MUSKEGON — The industrial impact on the original Muskegon Lake shoreline over the past hundred years could become the focus of $13.8 million in federal stimulus spending.
The Great Lakes Commission in Ann Arbor, in partnership with the West Michigan Shoreline Regional Development Commission, has applied for $13.8 million from the National Oceanic & Atmospheric Administration’s Marine and Coastal Habitat Restoration division. The project would remove fill and riprap and restore the natural slope and shoreline vegetation around parts of Muskegon Lake to better support fish and wildlife.
The National Oceanic & Atmospheric Administration announced in early April that it had been provided $830 million under the American Recovery and Reinvestment Act, and that $167 million would be spent on Marine and Coastal Habitat Restoration with the funds “expected to be awarded in 60 days.”
Kathy Evans, program manager in the West Michigan Shoreline Regional Development Commission environmental planning department, said commercial activity along the shore of Muskegon Lake started with the sawmills in the 1800s, and then heavy industry caused more than 25 percent of the lake’s original open water and wetlands to be filled in.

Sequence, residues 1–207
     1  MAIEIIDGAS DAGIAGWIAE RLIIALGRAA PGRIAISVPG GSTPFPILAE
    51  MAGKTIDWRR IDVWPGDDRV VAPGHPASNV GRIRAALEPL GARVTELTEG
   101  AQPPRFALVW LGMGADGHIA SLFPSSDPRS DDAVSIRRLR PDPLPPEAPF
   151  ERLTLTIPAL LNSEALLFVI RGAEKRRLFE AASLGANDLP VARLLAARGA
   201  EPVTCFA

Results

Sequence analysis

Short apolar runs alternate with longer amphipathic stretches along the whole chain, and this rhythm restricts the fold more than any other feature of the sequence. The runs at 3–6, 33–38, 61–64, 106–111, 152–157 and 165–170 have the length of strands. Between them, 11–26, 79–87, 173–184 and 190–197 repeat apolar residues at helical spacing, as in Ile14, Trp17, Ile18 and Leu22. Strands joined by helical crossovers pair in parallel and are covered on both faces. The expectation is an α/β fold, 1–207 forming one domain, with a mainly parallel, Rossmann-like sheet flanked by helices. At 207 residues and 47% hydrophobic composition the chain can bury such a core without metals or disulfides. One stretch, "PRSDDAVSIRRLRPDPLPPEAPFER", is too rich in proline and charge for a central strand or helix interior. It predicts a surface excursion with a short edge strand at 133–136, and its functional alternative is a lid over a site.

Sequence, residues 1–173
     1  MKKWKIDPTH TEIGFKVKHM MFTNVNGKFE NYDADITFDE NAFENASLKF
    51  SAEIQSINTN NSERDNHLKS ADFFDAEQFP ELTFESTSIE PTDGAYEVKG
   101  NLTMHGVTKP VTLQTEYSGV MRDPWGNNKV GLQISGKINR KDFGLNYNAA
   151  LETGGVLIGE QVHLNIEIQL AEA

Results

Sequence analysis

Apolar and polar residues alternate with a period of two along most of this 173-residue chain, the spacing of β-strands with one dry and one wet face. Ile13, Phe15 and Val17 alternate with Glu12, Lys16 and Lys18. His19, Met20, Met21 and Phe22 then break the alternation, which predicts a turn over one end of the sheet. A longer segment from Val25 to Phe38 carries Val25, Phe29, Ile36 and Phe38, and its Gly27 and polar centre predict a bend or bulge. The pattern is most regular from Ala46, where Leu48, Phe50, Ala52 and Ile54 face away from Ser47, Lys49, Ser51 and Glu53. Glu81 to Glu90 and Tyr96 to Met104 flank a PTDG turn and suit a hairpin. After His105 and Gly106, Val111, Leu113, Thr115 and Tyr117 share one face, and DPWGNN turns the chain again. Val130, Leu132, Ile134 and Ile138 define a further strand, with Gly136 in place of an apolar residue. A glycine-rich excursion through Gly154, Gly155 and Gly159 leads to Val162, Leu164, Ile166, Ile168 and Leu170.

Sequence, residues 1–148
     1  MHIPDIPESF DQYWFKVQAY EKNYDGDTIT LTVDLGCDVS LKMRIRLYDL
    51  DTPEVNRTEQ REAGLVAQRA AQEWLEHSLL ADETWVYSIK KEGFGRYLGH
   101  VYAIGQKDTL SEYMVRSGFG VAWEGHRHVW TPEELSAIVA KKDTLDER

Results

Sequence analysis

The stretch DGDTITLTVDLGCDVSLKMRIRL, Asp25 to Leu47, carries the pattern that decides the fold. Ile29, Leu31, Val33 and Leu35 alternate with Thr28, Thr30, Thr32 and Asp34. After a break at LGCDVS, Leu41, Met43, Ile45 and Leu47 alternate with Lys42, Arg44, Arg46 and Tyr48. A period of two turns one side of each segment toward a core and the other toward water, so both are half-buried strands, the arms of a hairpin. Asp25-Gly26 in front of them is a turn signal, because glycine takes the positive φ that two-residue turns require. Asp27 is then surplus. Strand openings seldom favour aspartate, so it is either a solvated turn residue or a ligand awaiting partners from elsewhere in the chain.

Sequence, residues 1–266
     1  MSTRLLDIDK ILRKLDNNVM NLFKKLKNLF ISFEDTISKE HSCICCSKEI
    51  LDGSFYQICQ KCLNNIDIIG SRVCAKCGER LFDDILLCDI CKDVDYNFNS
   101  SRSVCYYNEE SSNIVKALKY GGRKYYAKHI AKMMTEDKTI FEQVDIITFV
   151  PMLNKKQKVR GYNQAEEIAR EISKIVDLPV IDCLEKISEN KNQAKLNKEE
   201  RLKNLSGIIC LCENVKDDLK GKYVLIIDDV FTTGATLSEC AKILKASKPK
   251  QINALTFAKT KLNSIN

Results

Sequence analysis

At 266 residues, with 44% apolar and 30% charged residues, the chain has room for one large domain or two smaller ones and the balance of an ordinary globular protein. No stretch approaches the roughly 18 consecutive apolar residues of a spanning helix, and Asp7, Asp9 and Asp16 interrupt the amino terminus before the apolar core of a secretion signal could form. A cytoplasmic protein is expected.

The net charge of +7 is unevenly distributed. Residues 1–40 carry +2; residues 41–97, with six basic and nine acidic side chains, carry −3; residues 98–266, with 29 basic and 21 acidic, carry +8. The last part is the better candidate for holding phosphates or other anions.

“I’ve heard the DNR fisheries division say that over a thousand acres have been filled,” said Evans.
If the grant is awarded, the WMSRDC would manage the project, said Evans. It would require the hiring of consulting and engineering firms and then heavy equipment crews to remove fill, chunks of broken concrete and old pilings. Specialized contractors would replant native shoreline vegetation and some amenities might be added, such as fishing piers and boardwalks along the restored shoreline, added Evans.
She said the project would probably take about 18 months. While the WMSRDC isn’t sure how many people would find jobs as a result of the project, the rough estimate is about 150.